Why I Hate Planters

First, let me make the distinction between ‘big’ contractor and third party supplied planters and little planters, often made by individuals and small groups.

Hated is probably too strong a word, they have their place, but their place is not ‘everywhere’. Let’s list some of the reasons and then dig in, where necessary, to each one in turn, they are:

  • Hideously expensive
  • Require constant maintenance
  • Tokenism
  • Species limited
  • Do not provide shade
  • Often obstructive for disabled
  • ASB and litter magnets
  • Maintain the Heat Island

So let’s go.

Hideously expensive

As far as we can understand the big planters are in the region of ¬£1500 each. I’m not sure whether that includes earth, mulch and delivery to site or not? That will buy a couple of mature fig trees (good shade but they like water), tens of various kinds of saplings or bushes.

They also, judging by the ones on our streets, don’t last very well, so maintenance or replacement will probably be required at between 5-10 years.

Require constant maintenance

This is not always true, if we choose plants and herbs that don’t require much watering, lavender, mint, rosemary for example. Unhappily, because of tokenism (see next), appearances etc. there’s temptation to choose something pretty and annuals. Bloomin’ Forest Gate, the mini version of Newham in Flower (or whatever we call it now?) is an example. Calendula still busy drying out and dying, here and there round where I live.

Recently I’ve met and talked with a subcontractor circulating with a large water tank mounted on a van, watering some of the large planters. So this point is made.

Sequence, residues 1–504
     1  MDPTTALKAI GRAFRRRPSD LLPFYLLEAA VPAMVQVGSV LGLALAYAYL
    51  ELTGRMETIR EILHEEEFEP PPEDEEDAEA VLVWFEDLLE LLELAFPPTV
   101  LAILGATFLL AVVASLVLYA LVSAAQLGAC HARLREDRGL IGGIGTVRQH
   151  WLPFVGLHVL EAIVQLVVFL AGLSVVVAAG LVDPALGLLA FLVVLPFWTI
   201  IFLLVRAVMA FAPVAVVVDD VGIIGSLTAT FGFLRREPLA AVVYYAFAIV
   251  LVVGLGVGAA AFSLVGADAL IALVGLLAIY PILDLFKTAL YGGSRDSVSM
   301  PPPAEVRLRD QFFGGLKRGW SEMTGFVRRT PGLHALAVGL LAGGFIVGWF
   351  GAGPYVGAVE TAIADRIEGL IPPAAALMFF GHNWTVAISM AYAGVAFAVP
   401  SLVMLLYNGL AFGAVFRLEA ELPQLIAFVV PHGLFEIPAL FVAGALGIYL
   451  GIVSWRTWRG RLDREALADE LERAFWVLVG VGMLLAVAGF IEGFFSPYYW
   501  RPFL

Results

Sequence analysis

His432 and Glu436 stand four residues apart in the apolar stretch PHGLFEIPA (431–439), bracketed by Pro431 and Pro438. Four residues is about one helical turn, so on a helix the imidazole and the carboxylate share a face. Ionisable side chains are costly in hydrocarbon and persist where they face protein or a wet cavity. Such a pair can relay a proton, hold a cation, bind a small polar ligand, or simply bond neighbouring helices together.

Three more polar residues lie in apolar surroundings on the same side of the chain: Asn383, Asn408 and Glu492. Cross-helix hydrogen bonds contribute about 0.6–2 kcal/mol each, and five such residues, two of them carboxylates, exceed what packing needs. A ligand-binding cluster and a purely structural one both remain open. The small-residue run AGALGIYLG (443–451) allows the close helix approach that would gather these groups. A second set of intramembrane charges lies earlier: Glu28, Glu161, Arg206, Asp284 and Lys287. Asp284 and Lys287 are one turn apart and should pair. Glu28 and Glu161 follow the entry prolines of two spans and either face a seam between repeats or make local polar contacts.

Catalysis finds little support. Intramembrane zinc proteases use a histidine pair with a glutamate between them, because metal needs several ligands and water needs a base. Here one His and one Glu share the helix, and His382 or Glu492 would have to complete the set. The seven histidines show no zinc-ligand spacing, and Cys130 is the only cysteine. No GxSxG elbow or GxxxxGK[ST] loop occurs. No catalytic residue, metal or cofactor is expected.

Also, of course, some of the structures themselves are beginning to split and show age.

Tokenism

Oh look! We’ve done something with plants, it must be green, mustn’t it? Incidentally, I can accept a certain amount of argument about mental health and brightening up, but that can be done without this expensive tokenism.

So often/usually plantered (sic) plants do not contribute to air quality, removing pollution, are small (of necessity, see next Species Limited) and arguments about shade. The most egregious Forest Gate site, so far (though I should make a hit parade) is Kuhn Way, school entrance with its small pretty flowers. Also featuring a few sycamores (as if there weren’t enough in FG already?) in flexi-pave or on the carbon positive (probably) ‘amenity deck’ in planters.

Species Limited

A planter is, unlike bare earth, is finite. So the size of roots and root balls is always limited. Nothing big, shady, substantially pollution negative or particularly fruitful can grow in a planter. Such as a decent sized ‘tree’ for example.

However, in Amsterdam, here is an example of dwarf fruit trees and (a polite notice about taking fruit) at a station entrance. Really nice, but really unambitious.

Does Not Provide Shade

Since anything and everything in a planter is ‘small’, this type of planting is not providing the sustained shade that will be useful as the planet warms up. Research gives 2-3 degrees of reduction underneath foliage.

Worse, without fairly regular watering, ill-considered planting is likely to shrivel and therefore need replacement. Lavender and the herbs that will survive do not need ‘big’ planters either, so there’s a certain illogicality about all this.

Obstructive for Disabled

I’m not sure how much of a problem this is, but it’s mentioned in academic discussions. The profile, positioning and bulk of these create an obstacle to bump into.

ASB and Litter Magnets

Admittedly litter is a pervasive Newham problem, so one shouldn’t pick on the planters. However, we have two or three at the edges of ‘our’ LTN and they are constant recipients of cans, bottles and cigarette butts.

In some cases they serve as late-night convenient level bar tops as well, resulting in loud conversations in the early morning. This last can probably be fixed by making the top edge an angle, rather than flat.